This blog has been created to share the College of Staten Island (CSI) students’ experiences around the world. Dolphins across the Seven Seas provides the opportunity for CSI students, staff, faculty and beyond to gain insight into the study abroad experience. Additionally, Study Abroad Peer Advisors provide reflections upon their experiences as well as advice to potential study abroad participants. CSI is the single senior college of the City University of New York (CUNY), located in the borough of Staten Island.

Thursday, April 19, 2012

La Dolce Vita ~Cathrine Bernardo, Study Abroad Peer Advisor, Florence, Italy, Winter 2011

During one summer when I was six, my family and I traveled back to my home country. I remember being on the plane and loving every minute of it. I specifically remember asking my grandma if we had explored all of the Philippines. She said to me, “Oh my, no! There is too much!” I argued that I do not want to leave without seeing it all and that I will keep coming back until I do! My grandma calmly smiled at me and told me there were so many other places and countries to see and visit. And traveled I did.

I was fortunate enough to travel all over the United States because of where my cheerleading competitions, my brother’s basketball games and tournaments, and my sister’s dance competitions were located. My family and I also took annual family vacations. But taking on the United States (and parts of Canada) was not enough for me. I wanted to go to a place where it could not be reached by driving a car, and would take hours to get to by airplane.

At 21 years old, I finally embarked on my journey to Florence, Italy. This time around, no family or posse of cheerleaders; just me. While most people would tremble at the thought of traveling into another country, let alone flying solo, I found it exciting and adventurous! Moments before I boarded, my anticipation had built up so much, it became hard to handle. I squealed as I entered the walkway to the airplane, and I am sure all the other passengers thought I was just a bit crazy. I could care less; all I kept thinking was, “I’M GOING TO BE LIVING IN ITALY FOR A MONTH!”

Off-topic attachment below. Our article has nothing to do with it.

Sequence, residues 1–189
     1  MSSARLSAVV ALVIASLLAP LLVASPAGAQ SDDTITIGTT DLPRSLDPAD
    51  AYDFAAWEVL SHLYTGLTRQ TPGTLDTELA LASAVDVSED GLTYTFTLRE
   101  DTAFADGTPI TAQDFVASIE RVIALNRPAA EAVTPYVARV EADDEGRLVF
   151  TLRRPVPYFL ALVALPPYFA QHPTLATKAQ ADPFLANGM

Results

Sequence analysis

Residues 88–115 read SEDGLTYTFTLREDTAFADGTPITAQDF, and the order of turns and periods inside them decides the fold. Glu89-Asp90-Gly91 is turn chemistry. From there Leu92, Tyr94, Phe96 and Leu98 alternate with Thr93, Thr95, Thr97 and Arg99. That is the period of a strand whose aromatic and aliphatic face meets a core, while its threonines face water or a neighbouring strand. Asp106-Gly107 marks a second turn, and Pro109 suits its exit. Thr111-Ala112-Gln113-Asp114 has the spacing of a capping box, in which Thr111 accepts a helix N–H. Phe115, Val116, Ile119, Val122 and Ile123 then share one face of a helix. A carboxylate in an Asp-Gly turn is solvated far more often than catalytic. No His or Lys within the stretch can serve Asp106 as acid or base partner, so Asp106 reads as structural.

(Fast forward from my flight to landing in Rome) Taking my first steps in this Italian airport in Rome felt like I had just been hit by a whirlwind. Not only did my lack of sleep start to set in, but I remember feeling like I was in a trance. People were moving so fast all around me and talking in different languages. That’s when the panic started to set in. “What do I do? Where do I go? Where are my bags? Oh my gosh, I’m not fluent in this language!” Those where the exact thoughts that crossed my head.

I stayed still for what felt like a couple of minutes, but in reality, it must have been just seconds. My heart felt like it was beating so hard from my chest that anyone who was close enough could hear it. Luckily for me, a little girl (who must have been no older than 6-7 years old) tapped my hand and politely said my bags are on the floor. For some reason, this small, nice gesture made my panic disappear, and I was back to my calm, cool, and collected self. I said thank you very much to her, and she replied, “Prego.” That made me so excited because she was my first encounter of a real Italian!

Her parents came over from behind and smiled at me. Francesca’s dad, Giuseppe, knew right away that this was my first time in their homeland. They offered to help direct me where I needed to go and what I needed to do before taking car service to meet up with my friend. It must have been fate that brought them to me, that I dropped my belongings, that little Francesca had stopped to talk to me; without them, I believe a whole different sequence of events would have occurred, which definitely would not have had the same outcomes. Before we parted ways, Giuseppe gave me a few tips and advice, but what really stuck out to me was that he told me to make sure I live “la dolce vita,” the true Italian way.